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Mickey Rourke lets his Indie Spirit fly

Mickey Rourke accepts his Independent Spirit Award for "The Wrestler."

Based on his show-stopping speech at Saturday night's Independent Spirit Awards, if Mickey Rourke wins an Oscar on Sunday night the Oscarcast is going to be a lollapalooza. As his comeback film "The Wrestler" won for best film, male actor and cinematography, Rourke brought the show to a halt and the audience to its feet with an acceptance speech that was classic Mickey. The Indie Spirits are telecast live and unbleeped, which added considerably to the speech's charm.

Melissa Leo won as best female actress for "Frozen River," and Penelope Cruz for best supporting female, for "Vicky Cristina Barcelona." The Indie Spirits nominees often include a few Oscar nominees, but are an uncertain predictor. For Rourke, the win may be an omen as he heads toward an Oscar duel with Sean Penn. Leo's win may give validity to recent rumors she may pull an Oscar upset. Cruz is widely seen as an Oscar front runner. The fourth acting category, supporting male, went to James Franco, of "Milk," who isn't an Oscar nominee.

The ceremony, clocking in at two hours and airing on IFC, was like a dream version of the Oscars--quick, irreverent, glamorous, and with no commercials. It was more a celebration than a ceremony. The entertainment segments of the Oscarcast are unlikely to equal anything like the Indies' use of actors to portray two of the presenters as a raging Christian Bale and a catatonic Joaquin Phoenix.

Funny, heartfelt, vulgar and fearlessly honest, Mickey Rourke opened his speech with praise for his friend Eric Roberts and a call for "one god-damned filmmaker in this room to let him fly." Roberts was Rourke's co-star in "The Pope of Greenwich Village" (1984). "I don't give a f--- what he did 15 years ago," Rourke said. "He deserves, like I got, a second chance."

In a rambling but never boring performance, Rourke cited "the thousands of letters I've received about my dog that died six days ago -- Loki." He praised his "Wrestler" co-star Marissa Tomei, who played a stripper: "Not many girls can climb the pole." He hailed director Darren Aronofsky: "You better work out first if you want to work with Darren." Forgetting the names of various executives he wanted to thank, he remembered "that little girl with the gap in her teeth" at his distributor. And his publicist, who "told me what to wear, where to go, what to say, who to f---, everything."

Another classic Indie Spirit Moment came from writer-director Charlie Kaufman, who won for best first feature for his "Synecdoche, New York." The film also won the Robert Altman Award, given to the entire cast of a movie. After the scripted intro named only the name stars in his cast, Kaufman stepped to the mike, pulled out a list, and read the names of every single actor with a speaking part in his film. There wouldn't be time for that at the Oscars, but as a gesture it was magnificent.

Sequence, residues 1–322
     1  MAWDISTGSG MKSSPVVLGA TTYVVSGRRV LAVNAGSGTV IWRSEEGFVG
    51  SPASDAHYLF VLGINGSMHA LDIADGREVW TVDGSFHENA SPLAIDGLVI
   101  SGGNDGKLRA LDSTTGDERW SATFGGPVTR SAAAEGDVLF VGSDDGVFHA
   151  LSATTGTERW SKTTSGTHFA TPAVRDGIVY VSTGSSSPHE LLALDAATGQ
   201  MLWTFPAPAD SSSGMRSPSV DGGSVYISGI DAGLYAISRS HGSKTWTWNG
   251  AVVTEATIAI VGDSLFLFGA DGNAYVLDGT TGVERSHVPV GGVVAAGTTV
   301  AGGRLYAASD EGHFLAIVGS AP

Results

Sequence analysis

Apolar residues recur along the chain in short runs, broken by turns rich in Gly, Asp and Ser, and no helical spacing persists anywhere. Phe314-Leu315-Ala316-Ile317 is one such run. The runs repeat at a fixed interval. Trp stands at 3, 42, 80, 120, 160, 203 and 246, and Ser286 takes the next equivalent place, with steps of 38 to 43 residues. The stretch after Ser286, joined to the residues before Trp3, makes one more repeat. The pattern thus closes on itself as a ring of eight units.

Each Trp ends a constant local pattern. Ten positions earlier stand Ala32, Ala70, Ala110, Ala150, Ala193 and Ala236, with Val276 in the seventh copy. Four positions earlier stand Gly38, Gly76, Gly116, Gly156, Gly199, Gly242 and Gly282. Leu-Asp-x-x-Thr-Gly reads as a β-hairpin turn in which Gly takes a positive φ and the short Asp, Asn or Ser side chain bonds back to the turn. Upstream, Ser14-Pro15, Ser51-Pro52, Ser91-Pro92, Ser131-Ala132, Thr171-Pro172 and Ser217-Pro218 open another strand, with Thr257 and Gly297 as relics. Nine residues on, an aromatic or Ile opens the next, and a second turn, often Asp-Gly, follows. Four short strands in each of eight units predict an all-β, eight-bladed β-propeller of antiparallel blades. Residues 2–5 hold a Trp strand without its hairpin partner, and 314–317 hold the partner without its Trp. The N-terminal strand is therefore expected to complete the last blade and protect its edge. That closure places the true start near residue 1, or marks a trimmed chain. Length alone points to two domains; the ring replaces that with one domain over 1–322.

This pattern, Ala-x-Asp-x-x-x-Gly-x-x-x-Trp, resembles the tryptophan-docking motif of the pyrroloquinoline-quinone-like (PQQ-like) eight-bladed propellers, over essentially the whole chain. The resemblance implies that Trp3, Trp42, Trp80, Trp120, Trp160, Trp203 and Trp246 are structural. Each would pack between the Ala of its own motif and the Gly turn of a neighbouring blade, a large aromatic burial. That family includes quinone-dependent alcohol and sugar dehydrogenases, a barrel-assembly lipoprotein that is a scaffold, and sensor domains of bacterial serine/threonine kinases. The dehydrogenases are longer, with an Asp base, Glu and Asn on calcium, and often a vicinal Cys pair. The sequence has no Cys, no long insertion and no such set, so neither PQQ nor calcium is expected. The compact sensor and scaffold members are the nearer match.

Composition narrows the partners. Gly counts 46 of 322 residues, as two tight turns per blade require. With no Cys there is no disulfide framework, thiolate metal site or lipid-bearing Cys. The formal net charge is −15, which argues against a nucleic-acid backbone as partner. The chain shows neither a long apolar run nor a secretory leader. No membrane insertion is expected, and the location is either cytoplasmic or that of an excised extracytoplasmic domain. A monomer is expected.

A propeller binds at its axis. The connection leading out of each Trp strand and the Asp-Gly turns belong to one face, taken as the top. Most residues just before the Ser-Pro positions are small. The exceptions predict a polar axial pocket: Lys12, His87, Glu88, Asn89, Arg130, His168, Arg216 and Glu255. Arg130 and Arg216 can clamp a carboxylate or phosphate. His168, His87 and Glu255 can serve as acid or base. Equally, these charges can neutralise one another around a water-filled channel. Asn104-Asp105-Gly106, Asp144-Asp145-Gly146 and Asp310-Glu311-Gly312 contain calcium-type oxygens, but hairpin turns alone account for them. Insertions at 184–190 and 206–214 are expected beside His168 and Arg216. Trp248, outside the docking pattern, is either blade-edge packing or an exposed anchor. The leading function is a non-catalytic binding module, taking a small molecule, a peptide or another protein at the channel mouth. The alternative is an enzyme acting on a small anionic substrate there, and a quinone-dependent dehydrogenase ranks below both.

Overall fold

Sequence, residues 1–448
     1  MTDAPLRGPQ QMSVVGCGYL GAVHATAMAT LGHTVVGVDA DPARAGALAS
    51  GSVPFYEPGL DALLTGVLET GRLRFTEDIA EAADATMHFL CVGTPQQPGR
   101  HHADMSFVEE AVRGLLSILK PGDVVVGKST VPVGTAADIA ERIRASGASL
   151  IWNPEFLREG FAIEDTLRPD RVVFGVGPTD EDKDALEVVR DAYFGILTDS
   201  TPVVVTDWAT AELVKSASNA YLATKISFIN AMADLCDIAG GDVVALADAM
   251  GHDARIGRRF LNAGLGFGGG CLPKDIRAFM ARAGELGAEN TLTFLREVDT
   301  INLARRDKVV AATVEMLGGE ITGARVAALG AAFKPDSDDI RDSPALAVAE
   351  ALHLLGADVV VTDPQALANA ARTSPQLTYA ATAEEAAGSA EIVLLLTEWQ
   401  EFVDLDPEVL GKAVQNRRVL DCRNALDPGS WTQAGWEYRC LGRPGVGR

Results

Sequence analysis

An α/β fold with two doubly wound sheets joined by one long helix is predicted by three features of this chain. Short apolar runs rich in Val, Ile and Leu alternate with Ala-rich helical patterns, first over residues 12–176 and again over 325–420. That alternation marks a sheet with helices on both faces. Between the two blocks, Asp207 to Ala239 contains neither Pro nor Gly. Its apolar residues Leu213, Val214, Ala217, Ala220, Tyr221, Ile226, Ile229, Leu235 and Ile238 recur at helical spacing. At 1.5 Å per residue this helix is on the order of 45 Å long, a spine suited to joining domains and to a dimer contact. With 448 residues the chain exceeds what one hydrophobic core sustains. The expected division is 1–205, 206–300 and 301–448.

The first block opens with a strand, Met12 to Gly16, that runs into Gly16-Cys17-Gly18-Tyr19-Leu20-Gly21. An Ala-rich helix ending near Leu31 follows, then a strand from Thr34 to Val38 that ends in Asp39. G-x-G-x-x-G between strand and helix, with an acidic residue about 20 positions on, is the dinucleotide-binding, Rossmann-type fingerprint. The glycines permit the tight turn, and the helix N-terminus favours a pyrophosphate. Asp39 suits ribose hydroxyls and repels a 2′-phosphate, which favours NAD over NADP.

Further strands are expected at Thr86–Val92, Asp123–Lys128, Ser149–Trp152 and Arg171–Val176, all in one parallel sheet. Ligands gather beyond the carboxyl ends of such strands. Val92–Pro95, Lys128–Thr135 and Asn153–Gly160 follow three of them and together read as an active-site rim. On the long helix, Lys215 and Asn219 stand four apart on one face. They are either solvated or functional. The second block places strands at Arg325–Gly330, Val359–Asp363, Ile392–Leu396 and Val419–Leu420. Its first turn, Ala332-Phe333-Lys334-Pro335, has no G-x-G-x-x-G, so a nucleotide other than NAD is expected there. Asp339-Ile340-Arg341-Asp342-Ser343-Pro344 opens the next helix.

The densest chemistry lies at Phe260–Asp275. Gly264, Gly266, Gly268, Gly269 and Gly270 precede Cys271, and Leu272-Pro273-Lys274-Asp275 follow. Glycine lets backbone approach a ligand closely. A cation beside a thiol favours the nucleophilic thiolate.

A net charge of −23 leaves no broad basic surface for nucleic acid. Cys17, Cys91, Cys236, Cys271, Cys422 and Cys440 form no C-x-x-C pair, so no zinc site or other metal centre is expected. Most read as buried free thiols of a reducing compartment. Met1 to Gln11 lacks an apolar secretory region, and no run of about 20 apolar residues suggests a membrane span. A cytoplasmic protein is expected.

The best documentary was "Man on Wire," about Philippe Petit, who walked a wire between the towers of the World Trade Center. Petit was present, and emcee Steve Coogan confided he thought it was great, and all it was lacking was for Petit to fall.

The first annual awards of the Independent Feature Project took place in the living room of indie filmmakers Gregory Nava and Anna Thomas ("El Norte"). Now renamed Film Independent, the organization holds the ceremony in a vast tent on the beach in Santa Monica, with about 1,000 in attendance. The crowd included Catherine Keener, Ben Kingsley, Chiwetel Ejiofor, Richard Jenkins, Philip Seymour Hoffman, Ellen Page, Sandra Oh, John Waters, Rosie Perez, Lucy Liu, Alec Baldwin, Cameron Diaz, Anne Hathaway, Robin Wright Penn, Tarra Riggs, Blair Underwood, Eric Roberts, Sara Simmonds and Kerry Washington.

There has been criticism over the years about a degree of overlap between the Indies and the Oscars. That perhaps reflects the increasing will by Academy voters to nominate independent films. The fact that Melissa Leo, Mickey Rourke, Richard Jenkins and Anne Hathaway and others are Oscar nominees makes their films no less independent.

Every year, viewers of the IFC telecast notice a film or two that may not win anything but gathered a lot of nominations. This year that film was Lance Hammer's brilliant feature "Ballast," which led the field in nominations: Female lead, supporting male, feature, director, first screenplay, and cinematography. If the many clips made it look good to you, you were right. If Tarra Riggs looked powerful as the angry woman in one of those clips, you'd be right again -- very right.

Other winners on Saturday were:

Best Director: Tom McCarthy, "The Visitor."

Best Screenplay: Woody Allen, "Vicky Cristina Barcelona."

Best first screenplay: Dustin Lance Black, "Milk."

Foreign film: "The Class." (Laurent Cantet, France)

John Cassavetes Award (for a film under $500,000): "In Search of a Midnight Kiss," which cost $25,000 and is reviewed here.

Someone to Watch Award: Lynn Shelton, "Effortless Brilliance."

Producer's Award: Heather Rea, "Frozen River."

Truer Than Fiction Award: Margaret Brown, "The Order of Myths"

Roger Ebert

Roger Ebert was the film critic of the Chicago Sun-Times from 1967 until his death in 2013. In 1975, he won the Pulitzer Prize for distinguished criticism.

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